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The City Echoes Our Hearts

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Album Review

As System and Station's singer/songwriter, RFK Heise has quite a canon of compositions to his name, but not all of them were a snug fit for his band. Thus the creation of the alter ego Protest Hill, as a front for a solo set that strays far from the Station's mothership. The City Echoes Our Hearts' dreamy opening track, "All That You Need," makes that abundantly clear, just one of a clutch of musing, introspective numbers underlit by shadowed and misty atmospheres that swell and swirl up large on "Hopeful" and ebb down low on "Sleep Inside the Wake." Heise's lovely piano work is showcased on the yearning "Boy Meets Girl," his absolutely exquisite acoustic guitar highlights the sparkling instrumental "Bell's Song," and carefully shades the wistful "Sometimes." "Only the Lonely," in contrast, hints at a breezy summer afternoon, until it kicks up into indie territory halfway through. All these numbers are evocative, but "In the Light of the Moon" is positively haunting, and flecked with the blues. "Killer's Wit" is blues of a different shade, Southern fried, rock-ified, and towards the end, baggy-tied. In contrast, "Train" chugs across lonely, tumbleweed festooned plains, the rolling rhythm underpinning the finger-picked guitar above. The production gives all the numbers a rather sparse sound, even across the pomp and circumstance of the mini-epic "Matches," that somewhat undercuts the subtle interplay of instrumentation at the heart of most of the songs. A big name producer (think Steve Lillywhite) would have made this album majestic, thickened the atmospheres, and added depth to the sound, but perhaps its true beauty is to be found right here.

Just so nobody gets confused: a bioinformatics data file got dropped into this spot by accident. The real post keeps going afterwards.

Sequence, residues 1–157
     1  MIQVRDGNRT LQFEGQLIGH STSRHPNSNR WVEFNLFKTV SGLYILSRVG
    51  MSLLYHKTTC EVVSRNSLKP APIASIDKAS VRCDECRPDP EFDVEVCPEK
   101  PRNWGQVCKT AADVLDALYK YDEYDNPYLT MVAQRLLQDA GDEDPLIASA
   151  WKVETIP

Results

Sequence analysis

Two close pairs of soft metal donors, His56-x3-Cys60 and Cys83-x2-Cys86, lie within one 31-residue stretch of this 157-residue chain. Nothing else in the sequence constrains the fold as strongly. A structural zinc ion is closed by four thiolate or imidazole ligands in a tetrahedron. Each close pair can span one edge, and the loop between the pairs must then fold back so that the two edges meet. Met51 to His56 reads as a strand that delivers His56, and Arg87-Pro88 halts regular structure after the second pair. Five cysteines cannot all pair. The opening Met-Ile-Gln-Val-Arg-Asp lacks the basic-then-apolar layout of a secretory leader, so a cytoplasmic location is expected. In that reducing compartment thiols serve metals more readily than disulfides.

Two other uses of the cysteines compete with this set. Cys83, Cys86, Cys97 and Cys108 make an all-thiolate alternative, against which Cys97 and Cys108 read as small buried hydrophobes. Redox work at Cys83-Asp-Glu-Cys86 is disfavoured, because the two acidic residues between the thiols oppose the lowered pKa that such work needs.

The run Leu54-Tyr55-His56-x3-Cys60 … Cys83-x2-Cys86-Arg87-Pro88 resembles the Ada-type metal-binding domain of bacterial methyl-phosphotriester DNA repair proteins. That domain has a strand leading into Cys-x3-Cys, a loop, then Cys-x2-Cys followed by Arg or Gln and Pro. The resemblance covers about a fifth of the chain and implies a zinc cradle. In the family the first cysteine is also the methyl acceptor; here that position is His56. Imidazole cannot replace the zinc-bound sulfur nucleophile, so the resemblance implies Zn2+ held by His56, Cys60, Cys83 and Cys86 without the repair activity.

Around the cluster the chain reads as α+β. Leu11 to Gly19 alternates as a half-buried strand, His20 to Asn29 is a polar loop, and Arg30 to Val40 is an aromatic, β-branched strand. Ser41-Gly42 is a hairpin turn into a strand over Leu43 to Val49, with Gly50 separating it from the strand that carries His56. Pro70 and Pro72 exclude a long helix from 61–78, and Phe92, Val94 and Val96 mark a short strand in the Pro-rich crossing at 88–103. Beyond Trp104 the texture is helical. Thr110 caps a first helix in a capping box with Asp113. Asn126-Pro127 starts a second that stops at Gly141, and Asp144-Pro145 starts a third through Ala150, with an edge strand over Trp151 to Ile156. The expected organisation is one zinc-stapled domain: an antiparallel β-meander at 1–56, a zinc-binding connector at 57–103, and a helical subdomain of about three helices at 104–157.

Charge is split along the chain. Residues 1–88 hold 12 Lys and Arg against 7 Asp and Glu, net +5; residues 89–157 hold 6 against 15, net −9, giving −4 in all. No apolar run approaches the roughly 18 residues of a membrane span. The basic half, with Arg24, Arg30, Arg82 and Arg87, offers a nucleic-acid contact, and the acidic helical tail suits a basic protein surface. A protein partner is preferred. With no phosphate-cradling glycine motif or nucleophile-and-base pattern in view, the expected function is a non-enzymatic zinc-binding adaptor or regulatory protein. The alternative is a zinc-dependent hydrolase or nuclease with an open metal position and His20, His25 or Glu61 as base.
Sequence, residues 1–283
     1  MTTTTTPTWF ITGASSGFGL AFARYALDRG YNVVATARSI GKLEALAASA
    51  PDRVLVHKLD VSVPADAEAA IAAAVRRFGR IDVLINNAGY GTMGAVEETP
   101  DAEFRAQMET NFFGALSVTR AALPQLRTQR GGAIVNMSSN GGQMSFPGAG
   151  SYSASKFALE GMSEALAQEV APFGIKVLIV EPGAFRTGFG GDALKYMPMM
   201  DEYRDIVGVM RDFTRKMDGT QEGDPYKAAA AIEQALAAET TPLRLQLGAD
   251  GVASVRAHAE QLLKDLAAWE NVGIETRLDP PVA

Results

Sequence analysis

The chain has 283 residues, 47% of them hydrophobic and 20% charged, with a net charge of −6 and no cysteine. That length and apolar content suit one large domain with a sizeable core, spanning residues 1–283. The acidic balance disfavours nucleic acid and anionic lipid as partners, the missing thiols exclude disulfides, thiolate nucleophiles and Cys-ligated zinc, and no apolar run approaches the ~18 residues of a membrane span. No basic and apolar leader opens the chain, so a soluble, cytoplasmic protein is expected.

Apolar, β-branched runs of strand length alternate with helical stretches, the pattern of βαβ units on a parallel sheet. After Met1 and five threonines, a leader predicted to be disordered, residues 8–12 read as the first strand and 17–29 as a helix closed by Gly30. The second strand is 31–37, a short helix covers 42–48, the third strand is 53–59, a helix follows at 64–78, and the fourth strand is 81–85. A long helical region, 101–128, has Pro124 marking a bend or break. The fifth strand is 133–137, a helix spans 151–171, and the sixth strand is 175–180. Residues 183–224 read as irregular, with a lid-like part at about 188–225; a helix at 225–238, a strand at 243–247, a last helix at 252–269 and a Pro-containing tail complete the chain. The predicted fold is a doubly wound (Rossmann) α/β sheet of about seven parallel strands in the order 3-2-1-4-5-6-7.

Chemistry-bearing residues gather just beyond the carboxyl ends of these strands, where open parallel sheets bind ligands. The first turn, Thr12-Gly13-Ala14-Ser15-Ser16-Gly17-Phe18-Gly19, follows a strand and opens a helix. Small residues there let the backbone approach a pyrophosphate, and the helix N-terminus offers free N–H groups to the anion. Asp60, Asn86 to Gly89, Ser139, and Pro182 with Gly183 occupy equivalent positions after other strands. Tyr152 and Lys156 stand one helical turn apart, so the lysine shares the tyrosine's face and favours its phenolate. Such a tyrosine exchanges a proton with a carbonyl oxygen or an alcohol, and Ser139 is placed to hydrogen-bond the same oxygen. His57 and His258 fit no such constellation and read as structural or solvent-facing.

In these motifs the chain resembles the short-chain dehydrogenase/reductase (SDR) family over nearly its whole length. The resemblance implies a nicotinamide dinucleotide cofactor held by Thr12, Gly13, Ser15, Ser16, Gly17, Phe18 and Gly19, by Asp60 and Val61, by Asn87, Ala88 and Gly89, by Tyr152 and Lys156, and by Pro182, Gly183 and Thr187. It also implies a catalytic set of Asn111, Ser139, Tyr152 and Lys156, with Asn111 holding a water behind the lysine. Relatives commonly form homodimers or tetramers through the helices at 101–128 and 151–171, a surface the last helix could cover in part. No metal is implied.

The City Echoes Our Hearts, Protest Hill
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